This edit'd have fixed at least one typo in the original question. Seems two reviewers both missed it.
It is not easy for low-rep users to make edits due to the character count requirement. That is why a lot of proposed edits submitted for review seem to contain unnecessary changes. Their heart's in the right place, in most cases that I have seen. And I consider these edits valuable contributions to posts and to the community at large.
I understand the frustration a new contributor, keen to participate, faces trying to see their input make a difference. Brings me back to the days when I had the same kind of frustration. A lot of us have been there.
Not long after I first started submitting edit suggestions as a new user, I noticed a tendency here that edit suggestions addressing typos or minor grammar issues would most likely be rejected. The rationale behind it appears to be that minor issues in a post do not affect its readability. While that may be true, there is still a need to tidy up a post when a noticeable typo is in the title or the OP's made some obvious mistakes and meant to say something else. "Substantial" is not really a good litmus, because more often than not it could be subjective. A contribution in the right direction is a contribution, regardless of its character count.
Another oft-used explanation is that "we need to keep grammar errors in the question to evaluate OP's English proficiency." Well, it doesn't hold water. First, I doubt many users actually spend a lot of time gauging the questioner's English level before posting an answer. I have seen answers addressing really rudimentary things under a question about highly technical grammar. Second, some askers are happy to see their mistakes corrected, as they can learn from the corrections made to their post.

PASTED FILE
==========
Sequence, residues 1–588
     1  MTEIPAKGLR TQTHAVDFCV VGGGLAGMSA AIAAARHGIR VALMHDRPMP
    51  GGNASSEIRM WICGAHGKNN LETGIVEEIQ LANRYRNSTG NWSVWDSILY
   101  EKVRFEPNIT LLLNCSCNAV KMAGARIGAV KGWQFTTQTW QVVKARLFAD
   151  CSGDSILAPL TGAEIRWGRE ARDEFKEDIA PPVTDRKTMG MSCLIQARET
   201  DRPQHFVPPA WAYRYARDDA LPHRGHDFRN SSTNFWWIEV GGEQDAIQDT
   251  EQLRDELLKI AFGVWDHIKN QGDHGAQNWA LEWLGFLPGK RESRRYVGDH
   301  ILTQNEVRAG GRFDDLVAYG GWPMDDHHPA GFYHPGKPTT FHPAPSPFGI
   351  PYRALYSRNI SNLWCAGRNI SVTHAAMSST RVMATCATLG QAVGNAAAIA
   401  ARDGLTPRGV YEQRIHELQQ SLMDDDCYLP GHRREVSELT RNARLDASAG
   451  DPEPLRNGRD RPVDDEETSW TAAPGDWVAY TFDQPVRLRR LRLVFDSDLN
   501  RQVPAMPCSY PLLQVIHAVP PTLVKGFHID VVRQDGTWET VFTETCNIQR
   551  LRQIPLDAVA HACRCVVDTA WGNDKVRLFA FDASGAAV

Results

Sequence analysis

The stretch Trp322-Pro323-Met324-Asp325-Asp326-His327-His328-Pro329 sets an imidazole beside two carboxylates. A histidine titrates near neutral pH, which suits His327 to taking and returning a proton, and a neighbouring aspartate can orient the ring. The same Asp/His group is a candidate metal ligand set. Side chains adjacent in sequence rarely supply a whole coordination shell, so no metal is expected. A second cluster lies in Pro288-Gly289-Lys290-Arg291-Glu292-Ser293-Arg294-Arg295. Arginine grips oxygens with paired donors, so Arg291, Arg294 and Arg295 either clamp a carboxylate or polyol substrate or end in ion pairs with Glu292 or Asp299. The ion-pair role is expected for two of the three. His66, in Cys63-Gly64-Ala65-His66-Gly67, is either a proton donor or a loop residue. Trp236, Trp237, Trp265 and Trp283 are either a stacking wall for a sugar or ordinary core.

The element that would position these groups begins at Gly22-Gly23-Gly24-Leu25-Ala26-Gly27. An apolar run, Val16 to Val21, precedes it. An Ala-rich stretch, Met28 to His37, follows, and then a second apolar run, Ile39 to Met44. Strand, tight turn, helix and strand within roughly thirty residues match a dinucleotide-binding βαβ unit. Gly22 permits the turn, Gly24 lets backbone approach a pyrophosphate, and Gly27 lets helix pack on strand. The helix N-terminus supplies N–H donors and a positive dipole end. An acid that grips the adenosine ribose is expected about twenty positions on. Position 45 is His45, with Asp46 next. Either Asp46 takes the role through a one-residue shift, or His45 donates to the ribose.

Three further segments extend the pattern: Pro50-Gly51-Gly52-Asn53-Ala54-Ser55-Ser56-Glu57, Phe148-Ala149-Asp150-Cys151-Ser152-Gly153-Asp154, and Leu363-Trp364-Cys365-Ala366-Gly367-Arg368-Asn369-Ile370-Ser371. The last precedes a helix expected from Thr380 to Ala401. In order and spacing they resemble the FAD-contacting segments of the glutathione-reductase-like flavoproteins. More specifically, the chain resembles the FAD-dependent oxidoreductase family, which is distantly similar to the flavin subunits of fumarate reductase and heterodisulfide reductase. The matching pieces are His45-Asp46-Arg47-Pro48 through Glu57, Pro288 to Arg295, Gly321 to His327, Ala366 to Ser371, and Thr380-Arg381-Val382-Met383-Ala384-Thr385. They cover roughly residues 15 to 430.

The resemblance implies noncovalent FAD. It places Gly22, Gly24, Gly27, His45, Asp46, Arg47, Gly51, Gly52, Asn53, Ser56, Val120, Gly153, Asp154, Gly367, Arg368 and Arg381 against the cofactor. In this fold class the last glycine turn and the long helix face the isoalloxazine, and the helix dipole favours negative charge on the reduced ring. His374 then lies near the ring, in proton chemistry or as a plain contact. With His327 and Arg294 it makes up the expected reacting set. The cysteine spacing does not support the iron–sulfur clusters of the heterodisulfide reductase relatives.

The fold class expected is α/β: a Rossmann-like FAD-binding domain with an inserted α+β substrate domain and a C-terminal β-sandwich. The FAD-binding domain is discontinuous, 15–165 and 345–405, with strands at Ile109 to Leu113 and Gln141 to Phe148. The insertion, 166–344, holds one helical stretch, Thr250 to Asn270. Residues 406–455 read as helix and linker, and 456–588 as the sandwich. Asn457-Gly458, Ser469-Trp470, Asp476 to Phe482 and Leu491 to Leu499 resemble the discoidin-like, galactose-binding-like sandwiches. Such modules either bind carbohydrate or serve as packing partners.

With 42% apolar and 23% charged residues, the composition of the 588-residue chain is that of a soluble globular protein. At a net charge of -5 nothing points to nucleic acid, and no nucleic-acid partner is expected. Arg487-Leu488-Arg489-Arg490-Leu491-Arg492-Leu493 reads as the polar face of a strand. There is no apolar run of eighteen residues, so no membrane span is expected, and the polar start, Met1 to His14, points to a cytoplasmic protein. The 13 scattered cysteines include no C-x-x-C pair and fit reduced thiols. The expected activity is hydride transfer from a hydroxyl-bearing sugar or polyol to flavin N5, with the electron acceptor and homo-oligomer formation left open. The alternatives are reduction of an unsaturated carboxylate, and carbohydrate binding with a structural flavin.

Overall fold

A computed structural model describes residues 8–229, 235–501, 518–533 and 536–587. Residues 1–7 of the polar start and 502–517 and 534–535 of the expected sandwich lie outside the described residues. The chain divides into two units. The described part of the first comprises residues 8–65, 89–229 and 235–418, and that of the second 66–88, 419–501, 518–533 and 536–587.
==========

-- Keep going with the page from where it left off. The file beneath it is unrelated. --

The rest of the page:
I am glad to see a possible shift away from this pattern in recent reviews. Rather than requiring all reviewers to follow the established "tradition", I think it is time we considered whether the stern, cookie-cutter reject is really a good policy.
More importantly, new users eager to make their contributions should not be discouraged! When you are a new member in a group and you try to leave a footprint in the community, it could be very disheartening to see your input, helpful albeit perhaps inconsiderable, rejected. It could feel like being given the cold shoulder, at least I felt that way occasionally when I was new here.
I am suggesting we make it easier for new users to feel welcomed and helped, and to feel their contributions useful and effective. I have brought this up in chat and here on Meta several times, and I am putting my foot down. I wish I were better-versed in psychology and communitarianism, but I am confident that there are terms and theory in psychology that explain how minor frustration, disapproval, rejection lead one away from a community.
The character change requirement in place makes sense because it prevents repeated minor edits from random users. But new users should not feel their suggestions/contributions are slighted or unwanted as a result.